Up to the year 1800, the cemetery was just wilderness, forestland, a couple of miles from the tiny French settlement of La Charrette. In 1799 Jerimiah Groshong obtained the land as part of a Spanish Land Grant. By 1800, Groshong had transferred the land grant to David Bryan, first cousin of Rebecca (Bryan) Boone. David Bryan built his home on the property and farmed the land. [David Bryan was a son of Rebecca's uncle, James Bryan. After David's mother died, he was raised by Daniel and Rebecca.] According to Hazel Atterbury Spraker in her 1922 book, The Boone Family, David established the cemetery in 1803, however we have found no record of burials before Rebecca Boone's in 1813.
Marthasville was described in the gazetteer of Missouri in 1883 as; "First settled in 1801 by Colonel Daniel Boone and his son-in-law, Flanders Calloway, and known then as Calloway's Post, located near the Missouri River, in the southeastern part of Warren County, 20 miles southeast of Warrenton, the county seat, 5 miles north of Washington, on the MP Ry., 60 miles west of St. Louis, and one and one-half miles north of Marthasville Landing, on the Missouri River, the most convenient shipping point."
In March of 1813, Daniel and his wife, Rebecca, were camping, with a few other family members, at a sugar camp about five miles up Charette Creek, from Callaway's Post (present Marthasville), where they often stayed with their daughter, Jemima, and son-in-law, Flanders Callaway. Each year about the first of March, Daniel and Rebecca set up camp at the "Sugar Groves" to make maple sugar for the family. It was a happy time which all enjoyed.
Rebecca became ill. It is thought to have been a particularly cold wet springtime and she may have contracted pneumonia. She rode her horse back down Charette Creek to Jemima's home where she was put to bed and died on March 18th, at the age of seventy-four. Her funeral was held at Jemima's home, then she was laid to rest in a little hilltop cemetery, overlooking Teuque Creek, on the nearby farm of David Bryan. Her burial place was chosen by Daniel. He marked off his own grave there beside her and told his family to be sure they put him there with her when his time came.
In the years that followed, according to family members and Daniel Boone himself, Daniel lived much of the time with Jemima and Flanders at Marthasville so he could be near his beloved Becky's last resting place. Some reported that he would wander away from the farm and later be found sitting beside her grave at the cemetery. They had been married for nearly 57 years. She was his lifelong companion who had gone through all the good and bad times at his side. Daniel missed Rebecca desperately and his health started to decline after her death. He became feeble and sickly and his devoted daughter, Jemima, took care of him.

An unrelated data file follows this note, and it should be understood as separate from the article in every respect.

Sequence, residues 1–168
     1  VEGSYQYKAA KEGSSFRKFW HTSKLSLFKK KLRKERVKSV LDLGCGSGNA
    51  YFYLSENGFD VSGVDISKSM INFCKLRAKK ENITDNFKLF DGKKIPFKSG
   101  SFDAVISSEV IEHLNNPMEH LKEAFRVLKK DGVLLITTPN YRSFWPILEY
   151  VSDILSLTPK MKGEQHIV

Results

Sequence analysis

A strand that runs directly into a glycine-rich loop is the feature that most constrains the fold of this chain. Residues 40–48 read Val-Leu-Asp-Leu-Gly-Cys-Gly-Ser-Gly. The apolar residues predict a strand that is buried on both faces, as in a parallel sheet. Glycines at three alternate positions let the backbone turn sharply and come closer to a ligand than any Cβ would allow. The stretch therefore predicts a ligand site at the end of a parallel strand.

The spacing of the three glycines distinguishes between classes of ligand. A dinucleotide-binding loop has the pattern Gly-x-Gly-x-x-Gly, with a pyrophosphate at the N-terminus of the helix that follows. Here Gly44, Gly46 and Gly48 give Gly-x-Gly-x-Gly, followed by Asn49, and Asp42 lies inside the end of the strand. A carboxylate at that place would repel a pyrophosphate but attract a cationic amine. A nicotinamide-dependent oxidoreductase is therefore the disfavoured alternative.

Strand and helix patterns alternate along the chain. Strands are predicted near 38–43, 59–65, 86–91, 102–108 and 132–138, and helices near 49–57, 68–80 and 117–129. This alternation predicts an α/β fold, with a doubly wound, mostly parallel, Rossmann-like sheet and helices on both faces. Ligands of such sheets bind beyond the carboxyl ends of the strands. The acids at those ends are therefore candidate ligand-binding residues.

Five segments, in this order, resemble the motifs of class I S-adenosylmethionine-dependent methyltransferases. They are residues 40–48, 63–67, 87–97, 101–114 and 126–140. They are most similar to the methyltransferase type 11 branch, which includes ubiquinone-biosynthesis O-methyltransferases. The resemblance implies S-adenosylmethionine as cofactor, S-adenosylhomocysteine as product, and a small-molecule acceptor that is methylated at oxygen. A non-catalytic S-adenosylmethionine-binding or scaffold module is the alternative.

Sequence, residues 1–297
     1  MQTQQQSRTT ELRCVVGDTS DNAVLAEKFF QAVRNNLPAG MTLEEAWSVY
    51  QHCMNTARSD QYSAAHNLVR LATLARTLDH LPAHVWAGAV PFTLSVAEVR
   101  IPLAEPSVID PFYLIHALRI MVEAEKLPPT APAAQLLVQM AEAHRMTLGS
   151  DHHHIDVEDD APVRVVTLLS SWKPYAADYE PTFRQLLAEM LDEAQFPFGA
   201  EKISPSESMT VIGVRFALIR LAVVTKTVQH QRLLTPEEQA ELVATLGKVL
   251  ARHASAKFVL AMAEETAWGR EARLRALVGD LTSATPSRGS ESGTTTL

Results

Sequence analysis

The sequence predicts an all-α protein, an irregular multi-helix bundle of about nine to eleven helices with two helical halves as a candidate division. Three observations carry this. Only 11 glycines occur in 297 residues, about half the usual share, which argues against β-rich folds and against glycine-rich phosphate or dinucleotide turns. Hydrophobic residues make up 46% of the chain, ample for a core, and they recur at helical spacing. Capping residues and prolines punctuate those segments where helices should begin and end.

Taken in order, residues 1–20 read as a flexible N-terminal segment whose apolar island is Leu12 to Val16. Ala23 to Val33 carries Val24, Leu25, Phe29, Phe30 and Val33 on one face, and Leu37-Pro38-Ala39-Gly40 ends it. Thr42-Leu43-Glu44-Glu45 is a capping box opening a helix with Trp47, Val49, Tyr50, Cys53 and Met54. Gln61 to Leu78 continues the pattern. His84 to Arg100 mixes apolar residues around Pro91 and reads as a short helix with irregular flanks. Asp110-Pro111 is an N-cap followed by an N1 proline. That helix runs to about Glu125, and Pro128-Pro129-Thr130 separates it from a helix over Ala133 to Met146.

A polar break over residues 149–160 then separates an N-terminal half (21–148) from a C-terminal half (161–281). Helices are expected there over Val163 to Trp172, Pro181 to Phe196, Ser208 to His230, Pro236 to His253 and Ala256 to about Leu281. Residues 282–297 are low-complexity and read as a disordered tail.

Daniel had lived at the home of his youngest son, Lt. Colonel Nathan Boone, at Femme Osage, about 12 miles from Marthasville. In September, 1820, he sent word to Nathan that he wanted to come back to the Femme Osage farm. He had asked in the past but Jemima felt he wasn't able to travel and refused to let him go. This last time, she relented and Nathan brought a buggy to Jemima's and took him home. Nathan said that for a few days, he seemed fine and in good spirits, happy to be back, but on the 25th he became so ill that he had to be put to bed. Col. Boone passed away about sunrise of the next morning, the 26th, with his family gathered around him. Jemima had been sent for and was there as well. She and Nathan were at his bedside when he peacefully passed away.
No one had to think about what should be done - they knew what Daniel wanted. Nathan took his father's body, by wagon, back to Jemima's farm at Marthasville. They laid him out in the Callaway house but so many people showed up for the funeral, that his coffin was moved to the family barn, to make room for them. His grandson-in-law, Rev. James Craig, preached his funeral. When the time arrived, a long sad processional, led by James Bryan, riding horseback and carrying an American flag, delivered Daniel Boone's earthly remains to the little Bryan cemetery to rest beside his Becky, as he had requested.
On July 17, 1845, twenty-five years after Daniel Boone died, three men arrived in the Marthasville area, saying they had permission from Colonel Boone's children and from the Missouri State Legislature to disinter the bodies of both Daniel and Rebecca and take them to the Kentucky state capitol of Frankfort, to be reburied in their new cemetery. Records indicate that a committee formed in Kentucky for this purpose had written 3 letters to Nathan Boone asking for permission. However those letters apparently never reached Nathan. They were returned, probably because they were sent to Nathan at St. Charles, Missouri and before 1845 Nathan and his family had moved to Ash Grove, near Springfield, Missouri. Although many have searched, there appears at this time to be no existing record showing that the Missouri State Legislature gave permission. We do not conclusively know that any permission was given.
We may never know for sure if ALL of Daniel Boone's mortal remains still lie in the grave at the Bryan / Boone Cemetery, but we are sure that large parts of the skeletal remains from the grave that was opened were left behind. Therefore, it is possible that some of Colonel Daniel Boone's remains were taken to Kentucky but we know some were left behind. Our 101 year old local historian, Mr. Ralph Gregory, put it best when he said, "Kentucky may have some of his bones, but Missouri has the most important part - his heart."